Sounds can tell us what is going on around us. We can close our eyes and sounds help us know where we are and what is happening . “The Silent Spring” by Rachel Carson is a powerful title because it is very difficult to imagine spring without the sound of birds singing. Right now it is early morning and I get to hear the bird symphony. This is one of the sounds that tells me I have another day to create joy, or waste with worry. Listen up!
I grew up on a farm in Iowa, and I loved the sounds that surrounded me. Lying in my bed in the early morning, I heard birds sing, roosters crow, and the muted sound of my parents conversation in the kitchen. The roosters crowing was impolite. My sleep was interrupted without apology, but I still appreciated the unrestrained and majestic quality of the roosters’ song. My twelve brothers and sisters and I agree on just one thing, and this is like herding deaf cats. The sound from our childhood we all remember and loved, was the sound of the train whistles as trains passed in the night. The train tracks were a couple of miles away, but the sound of the train whistle carried far in the quiet nights of rural Iowa. The train whistle was a lonely sound but strangely it was also a comforting sound like a lullaby. If we awoke during the night and heard the train whistle it was easy to fall back to sleep. It meant all was well….
I read the animal sound books to my son, but I told him the real animal sounds were different. When we visited the farm he got to hear all the animals making their real sounds. Ducks don’t
“Quack, Quack”, cows don’t “Moo”, pigs don’t “Oink, Oink” and of course roosters don’t say”Cock-a-doodle-do”. The real deal is not on the page: cows are in the pasture, pigs in the mud-wallow, and ducks are swimming in dirty pond water. The “meany”rooster we named Virgil crowed like other roosters, but he also attacked my baby brother with intent to do serious
harm. True story.
The sweetest sounds are the voices of people I love. Just a “hello” and I know who they are. Mom’s hello is tentative, almost afraid. She does not trust that the phone usually brings good news; trauma was a staple of her childhood. “Watch me Mommy.”is often heard while kids play on the playground. They don’t worry if they are worthy, or good enough for Moms’ attention. I can hear my son’s voice calling me to watch him, and I still do today. I try to remember Roger’s voice before he got sick and how he called me “Dinker”. He was a great storyteller and I would be so honored to hear his stories one more time. His voice got very weak as his dementia progressed, and I would have to be close to hear him. Our goodbye at the end of our visits was always the same–Danita: Who loves you? Roger: You do. Danita: Who loves me? Roger: I do. Danita: Who loves each other? Roger and Danita: We do! Roger will always be like the whistle of the train passing in the night, my lonely lullaby.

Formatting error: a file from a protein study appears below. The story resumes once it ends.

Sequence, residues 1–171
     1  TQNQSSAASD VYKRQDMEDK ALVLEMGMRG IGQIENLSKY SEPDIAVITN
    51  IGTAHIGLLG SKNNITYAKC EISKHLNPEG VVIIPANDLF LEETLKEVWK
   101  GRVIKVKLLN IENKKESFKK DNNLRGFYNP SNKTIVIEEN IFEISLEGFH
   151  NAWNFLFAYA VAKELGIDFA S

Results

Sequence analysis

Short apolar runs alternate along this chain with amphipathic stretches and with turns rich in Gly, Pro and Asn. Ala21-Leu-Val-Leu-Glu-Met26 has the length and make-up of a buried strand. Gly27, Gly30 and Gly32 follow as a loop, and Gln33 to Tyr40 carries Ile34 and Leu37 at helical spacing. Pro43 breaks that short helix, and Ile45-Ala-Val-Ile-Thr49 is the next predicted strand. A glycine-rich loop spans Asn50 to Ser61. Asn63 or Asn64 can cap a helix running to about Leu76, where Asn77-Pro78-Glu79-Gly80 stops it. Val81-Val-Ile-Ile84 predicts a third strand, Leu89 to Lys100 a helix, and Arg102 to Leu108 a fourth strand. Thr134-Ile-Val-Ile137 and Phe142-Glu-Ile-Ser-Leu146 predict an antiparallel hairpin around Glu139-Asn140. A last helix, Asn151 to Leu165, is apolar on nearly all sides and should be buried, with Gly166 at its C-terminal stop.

2 thoughts on “Listen Up!”
I love, love, love the ending of this (the rest is good too but…) – the last several lines and especially last line is beautiful.
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The trains were soothing and a sign of normalcy. Not to mention it was fun to count the number of cars the train had. I always wondered where the train was coming from and going to.
Tentative is the perfect word for Mom’s phone hello.
And your exchanges with Roger- especially as he got sicker-speaks to the ways real love finds a way through.